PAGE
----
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Islam Conference controversy

May 7, 2013

The German Islam Conference has ended with Germany’s interior minister (right) expressing satisfaction with the results. But many of the meeting’s participants saw things differently.

Hans-Peter Friedrich (Photo: Soeren Stache/dpa)
Image: picture-alliance/dpa

The German Islam Conference (DIK) vowed to combat extremism, hostility against Muslims, and all forms of anti-Semitism.

In Berlin on Tuesday, Federal Interior Minister Hans-Peter Friedrich rejected criticism that security concerns and the issue of combating Islamist extremism had been dominating the agenda.

"Dialogue between the state and the religion of Islam has developed positively," Friedrich said after the meeting, stressing that the main aim of the annual meeting was to further develop democracy and ensure the participation in that process of all groups in German society.

German Islam Panel struggles to find role

Friedrich said that religion had an important role in integration and that Germany is friendly to faith. He presented a new two-year action plan called "together against social polarization," which foresees funding for projects combating extremism on the internet, cross-cultural youth programs and inter-religious training programs for teachers.

Launched by former Interior Minister Wolfgang Schäuble in 2006, the German Islam Conference is the central forum for dialogue between representatives of Muslim organizations and German politicians. The annual conference aims to improve cooperation between religious communities and the state.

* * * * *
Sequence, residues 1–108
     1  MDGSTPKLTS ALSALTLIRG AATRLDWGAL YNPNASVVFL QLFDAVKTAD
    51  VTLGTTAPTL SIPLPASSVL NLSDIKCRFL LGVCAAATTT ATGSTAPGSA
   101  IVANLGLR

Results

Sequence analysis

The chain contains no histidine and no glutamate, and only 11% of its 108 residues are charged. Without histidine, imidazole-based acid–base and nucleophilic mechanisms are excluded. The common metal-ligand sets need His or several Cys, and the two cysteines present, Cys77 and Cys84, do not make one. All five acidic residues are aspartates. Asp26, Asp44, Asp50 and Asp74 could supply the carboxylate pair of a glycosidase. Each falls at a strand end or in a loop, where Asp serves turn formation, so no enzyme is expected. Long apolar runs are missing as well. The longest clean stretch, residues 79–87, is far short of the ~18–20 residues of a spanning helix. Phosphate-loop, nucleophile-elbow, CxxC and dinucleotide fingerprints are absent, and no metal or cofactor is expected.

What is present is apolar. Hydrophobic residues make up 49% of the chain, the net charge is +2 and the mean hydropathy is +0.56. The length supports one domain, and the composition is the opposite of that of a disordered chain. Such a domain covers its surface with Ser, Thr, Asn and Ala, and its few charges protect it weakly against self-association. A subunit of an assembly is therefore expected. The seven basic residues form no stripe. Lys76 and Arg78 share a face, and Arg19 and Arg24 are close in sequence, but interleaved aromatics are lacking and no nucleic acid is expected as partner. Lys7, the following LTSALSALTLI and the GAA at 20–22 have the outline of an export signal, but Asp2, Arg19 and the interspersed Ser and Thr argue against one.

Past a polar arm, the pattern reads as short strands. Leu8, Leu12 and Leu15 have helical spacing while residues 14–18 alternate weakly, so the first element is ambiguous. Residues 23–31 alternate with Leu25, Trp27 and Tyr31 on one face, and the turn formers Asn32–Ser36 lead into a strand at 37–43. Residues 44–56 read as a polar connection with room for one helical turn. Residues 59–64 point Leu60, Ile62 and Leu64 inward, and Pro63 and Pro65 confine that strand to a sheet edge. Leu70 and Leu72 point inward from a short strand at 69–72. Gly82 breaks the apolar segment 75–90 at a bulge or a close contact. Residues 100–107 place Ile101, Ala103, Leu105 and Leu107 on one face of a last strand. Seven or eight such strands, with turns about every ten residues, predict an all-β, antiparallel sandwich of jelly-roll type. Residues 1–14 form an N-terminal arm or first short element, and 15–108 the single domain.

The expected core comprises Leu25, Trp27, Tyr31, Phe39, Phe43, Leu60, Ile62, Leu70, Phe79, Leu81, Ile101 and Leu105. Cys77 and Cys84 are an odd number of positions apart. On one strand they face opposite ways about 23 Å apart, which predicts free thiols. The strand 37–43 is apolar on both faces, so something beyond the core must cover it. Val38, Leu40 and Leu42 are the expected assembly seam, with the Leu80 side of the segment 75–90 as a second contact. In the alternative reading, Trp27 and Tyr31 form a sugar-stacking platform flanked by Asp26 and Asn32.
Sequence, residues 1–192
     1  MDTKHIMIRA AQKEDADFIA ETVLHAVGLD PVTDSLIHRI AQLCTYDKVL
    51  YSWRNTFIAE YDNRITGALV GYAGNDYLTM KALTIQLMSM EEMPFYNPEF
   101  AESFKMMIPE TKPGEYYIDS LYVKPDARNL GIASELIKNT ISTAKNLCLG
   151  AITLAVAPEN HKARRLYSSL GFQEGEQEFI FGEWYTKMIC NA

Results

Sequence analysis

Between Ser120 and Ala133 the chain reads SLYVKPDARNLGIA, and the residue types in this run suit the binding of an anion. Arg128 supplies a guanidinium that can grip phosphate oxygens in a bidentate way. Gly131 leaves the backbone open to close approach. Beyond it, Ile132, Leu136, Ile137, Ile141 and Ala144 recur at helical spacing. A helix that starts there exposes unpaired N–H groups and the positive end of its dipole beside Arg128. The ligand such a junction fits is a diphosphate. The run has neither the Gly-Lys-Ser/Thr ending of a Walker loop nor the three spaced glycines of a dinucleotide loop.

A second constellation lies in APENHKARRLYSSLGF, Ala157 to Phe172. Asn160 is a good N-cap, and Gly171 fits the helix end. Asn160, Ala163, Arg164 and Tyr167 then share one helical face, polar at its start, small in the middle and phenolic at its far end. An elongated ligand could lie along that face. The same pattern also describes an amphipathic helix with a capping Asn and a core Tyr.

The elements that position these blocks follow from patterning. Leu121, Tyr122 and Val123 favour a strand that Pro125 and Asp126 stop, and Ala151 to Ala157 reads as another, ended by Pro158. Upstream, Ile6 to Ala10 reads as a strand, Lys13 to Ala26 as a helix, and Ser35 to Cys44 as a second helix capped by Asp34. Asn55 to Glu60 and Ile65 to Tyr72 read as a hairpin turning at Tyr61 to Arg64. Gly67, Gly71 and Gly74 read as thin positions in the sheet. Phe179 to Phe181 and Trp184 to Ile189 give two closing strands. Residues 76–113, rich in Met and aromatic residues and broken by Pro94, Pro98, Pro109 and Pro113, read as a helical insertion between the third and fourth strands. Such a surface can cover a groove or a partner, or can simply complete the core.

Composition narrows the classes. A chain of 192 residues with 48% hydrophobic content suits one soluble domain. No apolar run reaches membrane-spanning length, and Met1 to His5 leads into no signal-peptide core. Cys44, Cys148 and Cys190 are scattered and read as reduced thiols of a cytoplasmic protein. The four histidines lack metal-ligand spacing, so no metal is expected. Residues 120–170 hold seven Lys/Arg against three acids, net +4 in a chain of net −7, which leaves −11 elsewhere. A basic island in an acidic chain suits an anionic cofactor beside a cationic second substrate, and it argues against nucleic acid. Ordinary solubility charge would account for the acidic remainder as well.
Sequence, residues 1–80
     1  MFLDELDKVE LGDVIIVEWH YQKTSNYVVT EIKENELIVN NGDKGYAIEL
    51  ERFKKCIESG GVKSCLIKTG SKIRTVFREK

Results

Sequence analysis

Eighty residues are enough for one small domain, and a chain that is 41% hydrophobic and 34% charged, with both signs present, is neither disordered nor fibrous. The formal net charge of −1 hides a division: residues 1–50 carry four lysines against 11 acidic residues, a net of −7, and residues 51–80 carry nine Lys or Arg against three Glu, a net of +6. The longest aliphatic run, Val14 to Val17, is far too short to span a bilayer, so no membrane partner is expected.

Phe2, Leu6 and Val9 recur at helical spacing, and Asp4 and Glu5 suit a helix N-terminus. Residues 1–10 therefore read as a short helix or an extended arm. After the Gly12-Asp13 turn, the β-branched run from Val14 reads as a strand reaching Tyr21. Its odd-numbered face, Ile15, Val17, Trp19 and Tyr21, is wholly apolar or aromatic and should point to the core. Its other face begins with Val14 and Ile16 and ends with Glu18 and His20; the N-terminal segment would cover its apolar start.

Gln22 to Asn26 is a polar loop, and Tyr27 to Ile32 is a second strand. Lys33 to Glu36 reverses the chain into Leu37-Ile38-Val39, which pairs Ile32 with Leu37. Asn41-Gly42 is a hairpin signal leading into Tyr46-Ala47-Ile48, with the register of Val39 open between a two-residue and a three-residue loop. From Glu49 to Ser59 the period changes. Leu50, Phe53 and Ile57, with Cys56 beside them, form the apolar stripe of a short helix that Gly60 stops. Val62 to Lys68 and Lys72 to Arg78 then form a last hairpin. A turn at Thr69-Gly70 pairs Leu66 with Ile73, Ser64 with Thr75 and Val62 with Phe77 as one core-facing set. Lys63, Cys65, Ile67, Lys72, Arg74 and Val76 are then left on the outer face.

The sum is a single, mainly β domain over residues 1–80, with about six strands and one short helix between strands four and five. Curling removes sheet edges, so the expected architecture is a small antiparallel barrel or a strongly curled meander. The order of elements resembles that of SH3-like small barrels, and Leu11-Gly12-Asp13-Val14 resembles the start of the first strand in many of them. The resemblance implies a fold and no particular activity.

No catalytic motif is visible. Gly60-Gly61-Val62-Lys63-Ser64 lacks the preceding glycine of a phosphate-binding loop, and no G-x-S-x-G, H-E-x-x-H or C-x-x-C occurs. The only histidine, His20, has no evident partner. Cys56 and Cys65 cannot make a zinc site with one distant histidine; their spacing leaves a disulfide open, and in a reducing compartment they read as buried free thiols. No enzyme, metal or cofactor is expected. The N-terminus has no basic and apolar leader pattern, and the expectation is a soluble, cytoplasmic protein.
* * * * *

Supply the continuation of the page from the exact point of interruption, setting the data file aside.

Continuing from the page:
Regular topics of discussion are equal opportunities issues, religious education in schools, construction of mosques and ways to combat extremism.

Opposition politicians and representatives from various Islamic groups criticized the conference for achieving too little.

SPD parliamentary leader Thomas Oppermann said that Friedrich "is only interested in security and terrorism" and has led the DIK to a "dead end."

Bekir Alboga from the Muslim organization Ditib expressed his disappointment with the talks in their current form, calling them "pointless." However, looking into the future after this year's general elections he stressed that it was important to continue the dialogue in a positive way. "I yearn for a real partnership," he said.

Representatives of the Muslim groups reacted positively to the interior minister's proposal to reduce the involvement of the federal government in the discussions and increase the involvement of politicians and NGOs working on regional and municipal levels.

mkg/rg (AFP, dpa, kna, epd)